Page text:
Dale Vile, originally published on The Register
One of the most troubling phone calls I have ever received was from the irate managing director of an IT reseller. I was working as a channel manager for a major software company at the time and the complaint was that we had a leak.
After a bit of investigation, we figured out what had happened. A few days before, I had had a sales review with my boss and had written a list of potential deals on his whiteboard. He subsequently had my reseller’s competitor in his office for a meeting and had not cleaned the whiteboard. During the meeting, the second partner had obviously made a note of everything on the board, then proceeded to poach the prospect list.
This may be an extreme case of carelessness and dodgy ethics, but it does serve to illustrate that some of the romantic notions we have about the free sharing of information with trading partners can come across as a bit naive.
Business is business and when push comes to shove, especially when markets are tight and margins are thin, many people will take advantage of every edge they can get. We might pride ourselves on our ability to cultivate trusted relationships but information can easily be abused in ways it’s often hard to anticipate.
Appreciating the dangers of business-to-business knowledge sharing is becoming increasingly important. The advantages of more open communication and exchange of data between trading partners are clear.
In a supply-chain context, for example, there are benefits to sharing forecasting or other information with key suppliers. If they know what you are likely to be asking for, they can be better prepared to deliver it promptly when orders are placed.
Rush, rush, rush
Conversely, persuading suppliers to give you access to inventory, capacity and other fulfillment-related information can help with your own planning processes. As an example, knowing in advance whether your suppliers can do their bit when a customer wants a rush order can make the difference between an immediate deal and losing the order.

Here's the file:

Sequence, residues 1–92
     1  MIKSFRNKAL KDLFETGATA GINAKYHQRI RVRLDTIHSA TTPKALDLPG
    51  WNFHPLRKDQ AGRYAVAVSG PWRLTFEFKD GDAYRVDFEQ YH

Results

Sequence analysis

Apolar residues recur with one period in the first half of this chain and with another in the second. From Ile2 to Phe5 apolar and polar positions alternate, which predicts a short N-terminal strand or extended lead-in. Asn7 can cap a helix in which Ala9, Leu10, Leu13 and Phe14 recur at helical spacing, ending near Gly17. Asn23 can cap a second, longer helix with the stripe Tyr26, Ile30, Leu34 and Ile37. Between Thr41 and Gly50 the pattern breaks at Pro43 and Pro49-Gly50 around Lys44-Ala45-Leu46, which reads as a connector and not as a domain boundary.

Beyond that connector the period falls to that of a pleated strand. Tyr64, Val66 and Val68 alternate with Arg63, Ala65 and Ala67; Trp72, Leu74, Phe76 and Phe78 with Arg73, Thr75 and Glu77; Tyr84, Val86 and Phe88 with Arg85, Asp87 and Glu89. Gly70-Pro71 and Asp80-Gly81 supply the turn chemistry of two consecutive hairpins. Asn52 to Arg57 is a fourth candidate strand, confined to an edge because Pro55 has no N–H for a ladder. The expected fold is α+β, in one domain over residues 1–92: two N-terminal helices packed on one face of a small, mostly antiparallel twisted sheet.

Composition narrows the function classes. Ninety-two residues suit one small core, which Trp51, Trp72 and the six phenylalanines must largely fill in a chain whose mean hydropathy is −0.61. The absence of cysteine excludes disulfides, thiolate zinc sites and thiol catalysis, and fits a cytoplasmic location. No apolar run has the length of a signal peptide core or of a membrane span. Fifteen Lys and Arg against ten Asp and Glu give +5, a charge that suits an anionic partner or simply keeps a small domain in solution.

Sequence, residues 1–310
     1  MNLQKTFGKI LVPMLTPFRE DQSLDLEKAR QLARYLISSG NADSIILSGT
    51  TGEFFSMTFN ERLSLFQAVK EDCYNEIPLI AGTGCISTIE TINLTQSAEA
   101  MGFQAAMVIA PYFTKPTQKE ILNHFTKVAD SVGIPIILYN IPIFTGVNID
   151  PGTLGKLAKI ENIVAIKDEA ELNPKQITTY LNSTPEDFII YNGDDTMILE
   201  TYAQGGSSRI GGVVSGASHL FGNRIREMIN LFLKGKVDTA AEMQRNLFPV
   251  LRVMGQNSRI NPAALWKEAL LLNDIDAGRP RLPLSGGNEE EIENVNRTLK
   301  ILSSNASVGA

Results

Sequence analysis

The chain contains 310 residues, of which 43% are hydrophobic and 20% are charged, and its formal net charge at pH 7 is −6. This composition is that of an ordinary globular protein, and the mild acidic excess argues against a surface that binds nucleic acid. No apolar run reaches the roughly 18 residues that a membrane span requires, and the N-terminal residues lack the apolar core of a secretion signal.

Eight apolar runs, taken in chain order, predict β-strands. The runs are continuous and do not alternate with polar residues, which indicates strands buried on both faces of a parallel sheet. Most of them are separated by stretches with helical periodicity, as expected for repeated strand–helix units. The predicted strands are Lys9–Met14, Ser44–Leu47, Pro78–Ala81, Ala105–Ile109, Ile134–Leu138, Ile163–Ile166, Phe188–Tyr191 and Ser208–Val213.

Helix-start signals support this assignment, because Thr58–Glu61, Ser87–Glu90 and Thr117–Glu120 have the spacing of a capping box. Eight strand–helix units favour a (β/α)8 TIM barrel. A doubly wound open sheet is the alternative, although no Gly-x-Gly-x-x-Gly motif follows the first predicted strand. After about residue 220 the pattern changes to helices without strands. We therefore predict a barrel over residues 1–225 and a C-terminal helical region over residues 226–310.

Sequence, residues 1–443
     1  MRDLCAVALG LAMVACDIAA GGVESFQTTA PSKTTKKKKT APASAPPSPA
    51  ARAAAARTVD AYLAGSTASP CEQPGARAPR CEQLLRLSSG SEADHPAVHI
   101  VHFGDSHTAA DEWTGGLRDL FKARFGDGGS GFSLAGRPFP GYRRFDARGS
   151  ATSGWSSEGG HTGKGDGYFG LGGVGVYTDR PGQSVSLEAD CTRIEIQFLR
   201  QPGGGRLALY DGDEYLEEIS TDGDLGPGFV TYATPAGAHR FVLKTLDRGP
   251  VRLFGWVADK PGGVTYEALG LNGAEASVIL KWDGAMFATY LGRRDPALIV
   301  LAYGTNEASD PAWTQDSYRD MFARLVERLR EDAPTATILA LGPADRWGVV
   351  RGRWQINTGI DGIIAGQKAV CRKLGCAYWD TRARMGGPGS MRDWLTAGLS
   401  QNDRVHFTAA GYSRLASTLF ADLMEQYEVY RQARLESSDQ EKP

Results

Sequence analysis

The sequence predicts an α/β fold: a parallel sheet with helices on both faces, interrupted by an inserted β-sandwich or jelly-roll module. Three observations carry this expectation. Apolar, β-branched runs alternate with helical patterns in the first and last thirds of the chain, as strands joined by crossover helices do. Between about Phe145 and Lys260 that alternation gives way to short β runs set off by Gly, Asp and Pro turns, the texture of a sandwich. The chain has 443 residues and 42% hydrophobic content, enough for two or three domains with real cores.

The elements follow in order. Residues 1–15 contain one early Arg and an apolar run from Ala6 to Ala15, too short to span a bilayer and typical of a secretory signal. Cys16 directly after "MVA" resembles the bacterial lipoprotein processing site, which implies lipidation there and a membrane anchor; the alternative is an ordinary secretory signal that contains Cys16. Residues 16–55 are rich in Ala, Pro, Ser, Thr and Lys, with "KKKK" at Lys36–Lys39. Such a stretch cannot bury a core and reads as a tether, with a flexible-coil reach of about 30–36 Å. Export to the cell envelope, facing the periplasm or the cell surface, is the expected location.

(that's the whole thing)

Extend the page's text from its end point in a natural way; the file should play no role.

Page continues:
The same principles apply further into the process. An open exchange of information with your sales channel can help you forecast and plan efficiently. Later, collaborative selling can boost the collective sales effort.
All such exchanges are becoming easier as technology advances. Creating extranets based on customer, partner or supplier portals is much simpler than it used to be. Indeed, packaged applications can help to open up your systems to trading partners. Content management systems also often cater for outside access, and some licensing models even allow for user accounts to be recycled to deal with transient third-party access.
Together with continuous improvements in communication – from email through instant messaging to web conferencing – and the emergence of technology that allows direct transactions between systems, some might argue that the exchange of information has actually become too easy.
The question is whether an understanding of the risks, and of the safeguards necessary to protect against them, are keeping up with developments.
Four key areas are important to consider here: the security of systems and information; the legal framework within which sharing takes place; the enforcement of security and compliance policies; and staff awareness and training.
In other words, you need robust control, explicit contract terms governing what can be done with shared data, good procedures and a responsible workforce.
On this last point, the share-by-default culture that has grown up around social media is one of the dangers to look out for, as it has a tendency to bleed from the personal to the professional. It is a real problem in business, where as we have seen information can represent tangible value.
So, while integration of information flows is getting easier and can have significant advantages, it is critical to cater for the associated risks, particularly the people-related ones.
Be clear about what you want to share, with whom, and under what circumstances, then put in place the processes and safeguards.